The market environment in which we operate is dynamic and constantly changing.
Consolidation of media and telecoms companies and the increasing influence of technology brings both challenges and opportunities that we believe we are able to respond to with pace and confidence.
Key market trends
Global demand for content continues to grow, with more channels, more platforms and new entrants increasing spend on high-quality programming. We estimate that the global content market is growing at around 5% per annum, with some genres such as drama growing faster than others.
This growth can be attributed to a number of factors, including: a larger international pay television market; convergence in the television market, where telecom and new media companies are increasingly competing with traditional media companies for content and viewers; online players such as Netflix and Amazon have continued to invest heavily in archive and new content; and online advertising driven platforms like YouTube and Facebook are creating a new market for short form and digital content.
The US is by far the largest content market in the world, dominating the global production sector, with the UK the second largest market. This represents a significant opportunity for ITV Studios, which has a strong presence in both regions.
Demand for drama, particularly US drama, has increased significantly in the last few years. Original scripted content becomes brand defining for broadcasters and OTT players in an increasingly competitive global environment. US studios continue to dominate the market for drama in the US and internationally, however the emergence of Netflix and Amazon in creating high-quality original scripted content has increased competition in the market. ITV America has developed a number of scripted programmes including Aquarius, The Good Witch and Texas Rising. Leveraging our network relationships and international distribution network, we are looking to expand our global scripted business and develop a strong portfolio of international and returning drama.
In the UK, there is stronger demand and higher viewing figures for UK content over imported series. We are a major producer of scripted content and have further reinforced this position through acquiring Mammoth Screen and Twofour Group. Our 2015 scripted deliveries included Poldark, Unforgotten and Home Fires.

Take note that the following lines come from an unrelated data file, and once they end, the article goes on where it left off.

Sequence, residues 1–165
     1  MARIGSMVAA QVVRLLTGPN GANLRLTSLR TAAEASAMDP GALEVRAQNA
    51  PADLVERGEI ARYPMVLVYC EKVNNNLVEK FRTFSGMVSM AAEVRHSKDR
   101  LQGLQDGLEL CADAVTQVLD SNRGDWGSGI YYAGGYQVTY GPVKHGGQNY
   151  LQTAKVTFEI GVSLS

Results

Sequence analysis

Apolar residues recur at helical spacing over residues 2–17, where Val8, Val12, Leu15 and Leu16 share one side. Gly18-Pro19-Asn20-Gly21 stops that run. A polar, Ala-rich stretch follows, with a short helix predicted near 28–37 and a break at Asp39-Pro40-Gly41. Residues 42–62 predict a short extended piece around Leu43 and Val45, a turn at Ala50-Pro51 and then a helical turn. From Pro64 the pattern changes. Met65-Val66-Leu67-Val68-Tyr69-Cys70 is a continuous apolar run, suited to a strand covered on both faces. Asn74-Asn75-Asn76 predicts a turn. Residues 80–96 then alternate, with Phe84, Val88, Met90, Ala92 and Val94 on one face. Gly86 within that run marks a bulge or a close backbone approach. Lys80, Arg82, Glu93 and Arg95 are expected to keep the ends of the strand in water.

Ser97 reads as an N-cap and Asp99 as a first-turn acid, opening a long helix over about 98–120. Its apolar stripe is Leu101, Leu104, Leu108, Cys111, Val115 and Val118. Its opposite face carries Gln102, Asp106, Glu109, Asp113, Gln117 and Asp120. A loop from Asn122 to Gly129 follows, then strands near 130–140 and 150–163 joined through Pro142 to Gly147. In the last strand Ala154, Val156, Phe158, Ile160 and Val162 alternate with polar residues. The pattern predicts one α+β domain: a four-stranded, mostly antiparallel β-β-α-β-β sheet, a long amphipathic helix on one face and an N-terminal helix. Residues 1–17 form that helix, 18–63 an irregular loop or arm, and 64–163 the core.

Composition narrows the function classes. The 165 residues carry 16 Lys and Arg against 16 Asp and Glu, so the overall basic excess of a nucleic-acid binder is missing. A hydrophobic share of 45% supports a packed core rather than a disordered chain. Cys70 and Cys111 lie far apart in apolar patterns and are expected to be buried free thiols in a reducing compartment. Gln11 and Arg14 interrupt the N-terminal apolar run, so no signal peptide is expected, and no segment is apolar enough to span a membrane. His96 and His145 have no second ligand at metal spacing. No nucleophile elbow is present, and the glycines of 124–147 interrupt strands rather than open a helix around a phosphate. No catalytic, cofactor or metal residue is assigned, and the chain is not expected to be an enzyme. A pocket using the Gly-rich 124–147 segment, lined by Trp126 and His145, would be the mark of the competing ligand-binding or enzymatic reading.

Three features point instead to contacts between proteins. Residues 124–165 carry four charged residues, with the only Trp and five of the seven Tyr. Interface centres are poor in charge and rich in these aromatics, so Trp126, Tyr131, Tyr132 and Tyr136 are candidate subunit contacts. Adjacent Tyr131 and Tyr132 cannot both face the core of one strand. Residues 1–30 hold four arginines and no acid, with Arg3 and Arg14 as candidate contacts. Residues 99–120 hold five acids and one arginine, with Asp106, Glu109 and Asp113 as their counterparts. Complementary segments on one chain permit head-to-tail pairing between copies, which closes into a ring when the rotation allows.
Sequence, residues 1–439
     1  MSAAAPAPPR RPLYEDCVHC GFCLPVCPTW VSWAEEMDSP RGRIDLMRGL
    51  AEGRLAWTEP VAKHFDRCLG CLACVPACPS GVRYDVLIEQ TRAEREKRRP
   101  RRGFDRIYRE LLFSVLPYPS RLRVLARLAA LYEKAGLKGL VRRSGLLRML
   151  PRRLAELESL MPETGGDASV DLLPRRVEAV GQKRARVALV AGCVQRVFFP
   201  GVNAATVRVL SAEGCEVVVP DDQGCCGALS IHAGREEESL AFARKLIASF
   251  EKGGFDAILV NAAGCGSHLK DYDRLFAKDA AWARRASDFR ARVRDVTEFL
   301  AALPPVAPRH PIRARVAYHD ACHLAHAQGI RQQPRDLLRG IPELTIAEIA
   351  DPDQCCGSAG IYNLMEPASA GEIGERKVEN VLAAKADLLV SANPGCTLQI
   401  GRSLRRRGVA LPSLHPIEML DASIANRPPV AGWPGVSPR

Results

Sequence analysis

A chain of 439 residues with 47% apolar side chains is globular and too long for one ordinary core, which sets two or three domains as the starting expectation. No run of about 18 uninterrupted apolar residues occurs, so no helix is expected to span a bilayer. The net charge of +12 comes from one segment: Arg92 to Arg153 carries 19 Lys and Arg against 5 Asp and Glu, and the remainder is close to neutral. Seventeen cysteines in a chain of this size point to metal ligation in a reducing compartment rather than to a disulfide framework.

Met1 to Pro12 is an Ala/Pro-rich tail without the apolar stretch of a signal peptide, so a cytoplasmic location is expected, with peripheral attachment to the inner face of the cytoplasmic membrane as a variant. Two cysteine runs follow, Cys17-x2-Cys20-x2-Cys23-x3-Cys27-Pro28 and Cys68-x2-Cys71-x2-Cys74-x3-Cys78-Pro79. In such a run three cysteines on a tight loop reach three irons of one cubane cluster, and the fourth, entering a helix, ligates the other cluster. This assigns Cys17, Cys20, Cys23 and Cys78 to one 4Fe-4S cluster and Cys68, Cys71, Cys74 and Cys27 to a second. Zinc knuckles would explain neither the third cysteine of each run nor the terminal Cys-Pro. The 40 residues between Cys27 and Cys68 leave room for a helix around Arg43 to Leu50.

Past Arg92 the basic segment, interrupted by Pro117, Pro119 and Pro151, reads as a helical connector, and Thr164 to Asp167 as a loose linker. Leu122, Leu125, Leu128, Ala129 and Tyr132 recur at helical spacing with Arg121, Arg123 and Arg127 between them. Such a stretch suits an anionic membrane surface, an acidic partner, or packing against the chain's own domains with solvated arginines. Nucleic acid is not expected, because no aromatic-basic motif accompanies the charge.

While not growing as quickly as scripted content, demand for non-scripted content remains strong as networks continue to require lower cost, high volume popular series. The UK remains the dominant producer of unique non-scripted formats, producing almost twice as many as the US. ITV has significantly strengthened its capability in this area with the acquisition of Talpa Media. Along with the established entertainment and factual entertainment genres, scripted reality programming, where we have focused our US acquisitions, has grown quickly with formats such as Pawn Stars, Real Housewives and Duck Dynasty.
ITV is now a genuine global player in non-scripted content, being the largest unscripted independent producer in the US, as well as the largest commercial production company in the UK. The large independent production companies, such as Endemol Shine Group and Fremantle Media, continue to be ITV Studios’ main competitors in non-scripted content.
Over recent years the number of ways to watch TV has greatly increased with viewers able to choose a variety of platforms, both free and pay. Linear viewing remains dominant although viewing habits vary by demographic with younger viewers watching more non-linear content than older demographics. Non-linear viewing, while currently only a small proportion of total viewing, is growing fast and we continue to invest in ITV’s online offering, for example the ITV Hub, to compete successfully in this market.